Another important object of this invention is to provide a hammer with nail holding structure adapted to support various different forms of nails from the associated hammer.
A final object of this invention to be specifically enumerated herein is to provide a hammer with nail holding structure which will conform to conventional forms of manufacture, be of simple construction and easy to use so as to provide a device that will be economically feasible, long lasting and relatively trouble-free in operation.
These together with other objects and advantages which will become subsequently apparent reside in the details of construction and operation as more fully hereinafter described and claimed, reference being had to the accompanying drawings forming a part hereof, wherein like numerals refer to like parts throughout.
FIG. 1 is a fragmentary, perspective view of a claw hammer including nail holding structure in accordance with the present invention;
FIG. 2 is a fragmentary, side elevational view of the claw hammer illustrated in FIG. 1 and with a nail in position being supported from the nail supporting structure;
FIG. 3 is an enlarged, fragmentary, side elevational view similar to FIG. 2 but with portions of the claw hammer broken away and illustrated in vertical section;
FIG. 4 is a fragmentary, vertical sectional view taken substantially upon the plane indicated by the section line 4--4 of FIG. 3;
FIG. 5 is a fragmentary, perspective view of a second form of hammer incorporating nail holding structure in accordance with the present invention;
FIG. 6 is a fragmentary, side elevational view of the hammer illustrated in FIG. 5 and with a nail supported therefrom;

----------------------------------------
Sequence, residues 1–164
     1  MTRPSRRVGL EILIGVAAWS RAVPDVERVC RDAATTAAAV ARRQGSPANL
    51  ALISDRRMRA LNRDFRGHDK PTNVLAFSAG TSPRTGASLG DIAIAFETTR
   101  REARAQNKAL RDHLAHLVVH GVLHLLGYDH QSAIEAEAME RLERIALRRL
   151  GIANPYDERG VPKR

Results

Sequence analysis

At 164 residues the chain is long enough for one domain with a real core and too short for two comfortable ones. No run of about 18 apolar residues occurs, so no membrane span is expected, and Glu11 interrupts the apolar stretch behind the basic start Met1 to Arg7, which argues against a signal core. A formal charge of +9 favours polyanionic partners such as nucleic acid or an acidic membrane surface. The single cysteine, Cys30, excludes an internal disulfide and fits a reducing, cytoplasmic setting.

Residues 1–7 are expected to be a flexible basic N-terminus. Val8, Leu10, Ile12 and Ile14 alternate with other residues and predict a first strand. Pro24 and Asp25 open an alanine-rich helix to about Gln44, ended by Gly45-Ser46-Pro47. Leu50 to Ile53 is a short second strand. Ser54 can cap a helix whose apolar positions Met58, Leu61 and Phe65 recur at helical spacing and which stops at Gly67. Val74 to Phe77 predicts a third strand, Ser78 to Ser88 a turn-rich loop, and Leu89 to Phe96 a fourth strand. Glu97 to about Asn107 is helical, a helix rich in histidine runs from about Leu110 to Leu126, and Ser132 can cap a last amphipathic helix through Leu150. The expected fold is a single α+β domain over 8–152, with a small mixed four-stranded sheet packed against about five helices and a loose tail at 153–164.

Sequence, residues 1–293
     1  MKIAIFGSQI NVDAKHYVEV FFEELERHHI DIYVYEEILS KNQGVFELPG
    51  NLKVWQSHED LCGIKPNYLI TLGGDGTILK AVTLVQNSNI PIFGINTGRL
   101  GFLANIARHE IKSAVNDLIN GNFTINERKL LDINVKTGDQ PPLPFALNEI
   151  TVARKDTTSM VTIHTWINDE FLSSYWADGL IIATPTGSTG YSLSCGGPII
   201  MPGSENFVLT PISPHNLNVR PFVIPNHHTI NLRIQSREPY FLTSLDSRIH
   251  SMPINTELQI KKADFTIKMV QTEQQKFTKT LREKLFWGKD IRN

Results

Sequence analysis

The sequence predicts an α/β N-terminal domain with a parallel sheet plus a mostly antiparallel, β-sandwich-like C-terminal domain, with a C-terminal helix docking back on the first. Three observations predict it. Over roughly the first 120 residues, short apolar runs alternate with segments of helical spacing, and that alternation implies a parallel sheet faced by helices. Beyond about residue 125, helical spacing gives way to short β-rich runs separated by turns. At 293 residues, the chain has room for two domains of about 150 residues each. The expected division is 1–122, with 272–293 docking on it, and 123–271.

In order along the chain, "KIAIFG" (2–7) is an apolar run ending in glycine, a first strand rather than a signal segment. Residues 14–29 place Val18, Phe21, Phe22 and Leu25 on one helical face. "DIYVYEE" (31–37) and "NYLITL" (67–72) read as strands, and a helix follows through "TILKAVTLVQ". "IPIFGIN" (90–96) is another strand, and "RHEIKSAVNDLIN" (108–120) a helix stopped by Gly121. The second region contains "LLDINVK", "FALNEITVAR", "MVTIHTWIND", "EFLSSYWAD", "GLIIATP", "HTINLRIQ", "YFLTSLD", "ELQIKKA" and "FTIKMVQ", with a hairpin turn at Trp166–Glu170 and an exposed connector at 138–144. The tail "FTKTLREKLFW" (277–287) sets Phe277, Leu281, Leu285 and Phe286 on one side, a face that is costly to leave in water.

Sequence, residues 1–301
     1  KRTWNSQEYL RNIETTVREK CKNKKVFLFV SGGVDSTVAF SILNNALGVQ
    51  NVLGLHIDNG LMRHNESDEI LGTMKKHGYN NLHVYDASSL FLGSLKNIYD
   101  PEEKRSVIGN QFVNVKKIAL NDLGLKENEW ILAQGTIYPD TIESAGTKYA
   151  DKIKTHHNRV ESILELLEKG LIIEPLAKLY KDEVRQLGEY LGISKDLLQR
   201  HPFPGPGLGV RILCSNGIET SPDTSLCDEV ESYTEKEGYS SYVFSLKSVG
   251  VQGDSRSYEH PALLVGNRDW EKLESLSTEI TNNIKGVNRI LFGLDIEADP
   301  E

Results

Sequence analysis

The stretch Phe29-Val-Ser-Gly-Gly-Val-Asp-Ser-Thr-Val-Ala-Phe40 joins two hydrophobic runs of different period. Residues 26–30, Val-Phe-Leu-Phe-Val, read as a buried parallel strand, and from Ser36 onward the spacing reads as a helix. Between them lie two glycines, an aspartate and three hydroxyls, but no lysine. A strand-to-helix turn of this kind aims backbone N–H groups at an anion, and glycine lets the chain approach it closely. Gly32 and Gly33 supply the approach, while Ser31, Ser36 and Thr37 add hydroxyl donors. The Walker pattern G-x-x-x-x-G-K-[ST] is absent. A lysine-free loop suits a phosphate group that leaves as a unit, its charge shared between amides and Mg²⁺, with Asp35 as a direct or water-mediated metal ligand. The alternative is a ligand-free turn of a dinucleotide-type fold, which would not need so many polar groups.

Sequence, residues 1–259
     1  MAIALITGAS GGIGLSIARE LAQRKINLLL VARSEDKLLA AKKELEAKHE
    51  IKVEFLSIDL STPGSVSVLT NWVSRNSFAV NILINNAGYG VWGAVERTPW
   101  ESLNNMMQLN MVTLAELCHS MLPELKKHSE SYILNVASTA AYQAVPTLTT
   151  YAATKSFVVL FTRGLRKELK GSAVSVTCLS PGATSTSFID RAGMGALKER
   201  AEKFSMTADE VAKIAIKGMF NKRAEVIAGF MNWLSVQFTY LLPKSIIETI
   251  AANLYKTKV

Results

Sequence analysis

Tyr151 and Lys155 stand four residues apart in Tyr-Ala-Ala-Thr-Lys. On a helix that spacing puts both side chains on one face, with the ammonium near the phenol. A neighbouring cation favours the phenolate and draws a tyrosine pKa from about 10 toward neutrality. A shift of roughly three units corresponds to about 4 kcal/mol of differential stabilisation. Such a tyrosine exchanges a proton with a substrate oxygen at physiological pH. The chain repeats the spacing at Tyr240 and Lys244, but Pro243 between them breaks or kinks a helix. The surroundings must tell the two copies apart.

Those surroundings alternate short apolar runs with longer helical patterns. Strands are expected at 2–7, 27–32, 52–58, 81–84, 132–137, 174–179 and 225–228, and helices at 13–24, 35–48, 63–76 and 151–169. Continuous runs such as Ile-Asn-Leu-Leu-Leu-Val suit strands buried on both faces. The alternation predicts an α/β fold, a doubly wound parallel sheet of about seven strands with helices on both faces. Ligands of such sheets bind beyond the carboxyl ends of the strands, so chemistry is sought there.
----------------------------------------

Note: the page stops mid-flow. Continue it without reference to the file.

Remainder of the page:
FIG. 7 is an enlarged, fragmentary, side elevational view of the second form of hammer with portions thereof being broken away and illustrated in vertical section;
FIG. 8 is a fragmentary, elevational view of the second form of hammer as seen from the left side of FIG. 7; and
FIG. 9 is a fragmentary, sectional view taken substantially upon the plane indicated by the section line 9--9 of FIG. 7.
Referring now more specifically to the drawings, the numeral 10 generally designates a first form of hammer constructed in accordance with the present invention. The hammer 10 includes an elongated handle 12 having first and second end portions 14 and 16 and an elongated transverse head 18 supported from the end portion 14 of the handle 12. The head 18 includes first and second end portions 20 and 22 and it may be seen that the first end portion 20 defines a pair of curved claws 24 and 26 including elongated spaced apart wedge surfaces 28 and 30, defining a crotch 29 therebetween, which generally parallel the handle and diverge and converge, respectively, toward and away from the end 16 of the handle 12. The end portion 22 of the head defines an impact surface 31 generally paralleling the handle 12 and which may be abutted against the head of a nail during nailing strokes.